State College Area Residents Dig Out After Storm; Officials Issue Snow Removal Warning
After getting hammered with snow all day Thursday, folks in Boalsburg were out cleaning up the white mess.
Leroy Inhoof, who works in the maintenance department at Penn State University, embraced the opportunity Friday morning to get out of the house and breathe in some fresh air.
"I love it. It's fun to be out in it. It's beautiful. It's pretty. It gives us something to do to get outside in the winter," says Inhoof.
Inhoof says being outside with a snow-blower is better than being cooped up indoors, moping around with the winter blues.
A few blocks over, Cynthia Ault wasn't as excited about the weather. She was shoveling to reach the mailbox and retrieve Thursday's mail.
"I'm tired of winter," she says. "When you get it cleared out, the snow plow comes."
Marc Warren, owner of Customer Follow-Up Inc., was using a snow-blower to clear his widowed neighbor's driveway. While he seemed to be enjoying the task, he admitted he's had enough of winter.
"I have never minded the weather, no matter what," Warren says. "However, I'm ready for the snow to be gone. I'm ready for spring and bikes."
For years, his neighbor's husband would bring his snow-blower over to Warren's house as Warren was shoveling and getting his kids on the school bus.
"It was heaven," Warren says.
Now, he makes sure his neighbor's wife never has to worry about the snow. He says he's not doing anything unique as several folks in the neighborhood offer to help others clear away the snow.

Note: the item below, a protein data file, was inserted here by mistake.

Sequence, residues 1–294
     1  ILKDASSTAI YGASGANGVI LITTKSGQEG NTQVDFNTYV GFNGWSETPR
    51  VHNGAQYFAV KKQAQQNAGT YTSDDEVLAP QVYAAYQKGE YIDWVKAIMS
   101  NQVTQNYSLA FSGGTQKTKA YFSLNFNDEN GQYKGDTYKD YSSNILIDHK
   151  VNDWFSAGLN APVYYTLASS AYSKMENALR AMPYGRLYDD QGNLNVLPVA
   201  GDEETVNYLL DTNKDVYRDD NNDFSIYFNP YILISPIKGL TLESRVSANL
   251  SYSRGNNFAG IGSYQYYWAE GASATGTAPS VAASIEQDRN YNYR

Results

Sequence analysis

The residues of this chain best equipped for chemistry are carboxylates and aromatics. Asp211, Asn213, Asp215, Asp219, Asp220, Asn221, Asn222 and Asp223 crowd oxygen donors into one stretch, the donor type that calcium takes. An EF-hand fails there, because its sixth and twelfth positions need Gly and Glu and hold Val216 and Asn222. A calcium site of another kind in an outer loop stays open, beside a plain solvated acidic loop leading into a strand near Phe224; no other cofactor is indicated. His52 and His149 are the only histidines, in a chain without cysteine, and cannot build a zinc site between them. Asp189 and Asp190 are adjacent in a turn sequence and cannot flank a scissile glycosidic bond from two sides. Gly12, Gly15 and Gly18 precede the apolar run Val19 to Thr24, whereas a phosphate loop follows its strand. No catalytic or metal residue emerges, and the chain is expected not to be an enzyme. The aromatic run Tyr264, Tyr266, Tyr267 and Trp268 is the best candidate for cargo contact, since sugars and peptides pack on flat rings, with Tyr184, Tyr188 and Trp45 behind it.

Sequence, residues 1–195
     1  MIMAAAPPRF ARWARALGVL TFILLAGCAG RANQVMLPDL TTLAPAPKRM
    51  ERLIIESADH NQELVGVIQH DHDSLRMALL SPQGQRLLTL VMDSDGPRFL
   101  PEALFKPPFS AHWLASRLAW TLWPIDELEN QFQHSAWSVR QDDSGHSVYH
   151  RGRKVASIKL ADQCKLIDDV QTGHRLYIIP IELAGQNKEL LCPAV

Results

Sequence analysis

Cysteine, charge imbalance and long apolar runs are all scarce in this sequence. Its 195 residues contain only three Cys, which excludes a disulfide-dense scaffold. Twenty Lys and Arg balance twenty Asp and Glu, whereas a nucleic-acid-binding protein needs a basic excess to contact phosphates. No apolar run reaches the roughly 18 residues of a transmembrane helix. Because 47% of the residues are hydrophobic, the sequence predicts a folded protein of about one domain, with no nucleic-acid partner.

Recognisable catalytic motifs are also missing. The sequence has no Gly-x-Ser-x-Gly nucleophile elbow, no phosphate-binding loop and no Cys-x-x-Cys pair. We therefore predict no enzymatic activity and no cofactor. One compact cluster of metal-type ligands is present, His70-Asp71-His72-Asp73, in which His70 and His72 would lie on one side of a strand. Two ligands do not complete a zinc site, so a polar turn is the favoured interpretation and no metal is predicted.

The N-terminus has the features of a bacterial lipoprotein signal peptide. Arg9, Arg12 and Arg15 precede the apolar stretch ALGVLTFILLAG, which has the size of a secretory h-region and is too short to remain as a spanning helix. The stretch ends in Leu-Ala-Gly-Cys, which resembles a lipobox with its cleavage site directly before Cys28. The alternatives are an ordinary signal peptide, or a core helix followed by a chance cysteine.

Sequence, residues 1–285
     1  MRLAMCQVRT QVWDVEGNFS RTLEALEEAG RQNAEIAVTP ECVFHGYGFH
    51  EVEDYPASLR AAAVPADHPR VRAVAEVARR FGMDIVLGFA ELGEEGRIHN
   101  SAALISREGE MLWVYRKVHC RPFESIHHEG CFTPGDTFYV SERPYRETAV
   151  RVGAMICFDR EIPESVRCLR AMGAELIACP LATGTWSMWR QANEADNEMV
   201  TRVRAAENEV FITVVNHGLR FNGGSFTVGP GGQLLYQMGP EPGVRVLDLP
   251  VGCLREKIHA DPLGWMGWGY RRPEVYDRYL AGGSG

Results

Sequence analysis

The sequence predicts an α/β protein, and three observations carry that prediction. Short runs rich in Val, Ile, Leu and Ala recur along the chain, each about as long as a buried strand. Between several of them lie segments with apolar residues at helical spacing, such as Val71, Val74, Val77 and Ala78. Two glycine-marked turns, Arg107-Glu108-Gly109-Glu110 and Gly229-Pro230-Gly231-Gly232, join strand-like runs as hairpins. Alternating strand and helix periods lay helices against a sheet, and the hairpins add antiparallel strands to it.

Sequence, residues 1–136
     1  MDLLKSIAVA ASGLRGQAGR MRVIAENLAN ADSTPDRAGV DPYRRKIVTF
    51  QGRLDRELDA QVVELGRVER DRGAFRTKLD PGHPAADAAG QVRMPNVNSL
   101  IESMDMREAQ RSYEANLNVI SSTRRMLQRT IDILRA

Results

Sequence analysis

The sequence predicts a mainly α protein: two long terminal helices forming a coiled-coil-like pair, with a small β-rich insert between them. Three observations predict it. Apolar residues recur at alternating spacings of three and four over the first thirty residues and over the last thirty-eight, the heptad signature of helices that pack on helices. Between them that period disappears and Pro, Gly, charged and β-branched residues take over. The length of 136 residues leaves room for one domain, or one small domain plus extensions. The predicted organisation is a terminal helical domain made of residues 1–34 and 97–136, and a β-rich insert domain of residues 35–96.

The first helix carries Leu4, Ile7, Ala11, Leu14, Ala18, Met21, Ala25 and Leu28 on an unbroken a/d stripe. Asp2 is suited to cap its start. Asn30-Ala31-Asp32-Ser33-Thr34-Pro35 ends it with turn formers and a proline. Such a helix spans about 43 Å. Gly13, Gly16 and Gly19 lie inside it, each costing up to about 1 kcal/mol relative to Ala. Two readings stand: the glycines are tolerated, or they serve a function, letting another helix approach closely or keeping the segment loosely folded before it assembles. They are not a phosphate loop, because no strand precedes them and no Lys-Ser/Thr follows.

Meanwhile, in Ferguson Township, officials have issued an alert related to children playing too closely to the road while crews are removing snow.
Ferguson Township snowplow drivers have reported seeing several children play in and around snow piles near the roadside as crews are treating roads, the township said in a statement Friday.
"This behavior poses a potential danger to children as snowplow drivers may not see children playing so close to the road as it is being cleared," officials say.
Officials asked parents and caregivers to ensure children are clear of roadside snow piles while township snowplow trucks are treating the roads.
"Children playing behind or tunneling inside of snow piles near the roadside may not be visible to township snowplow drivers," officials say. "Dead end roads and cul-de-sacs may pose a particular danger as higher snow piles may exist in these areas."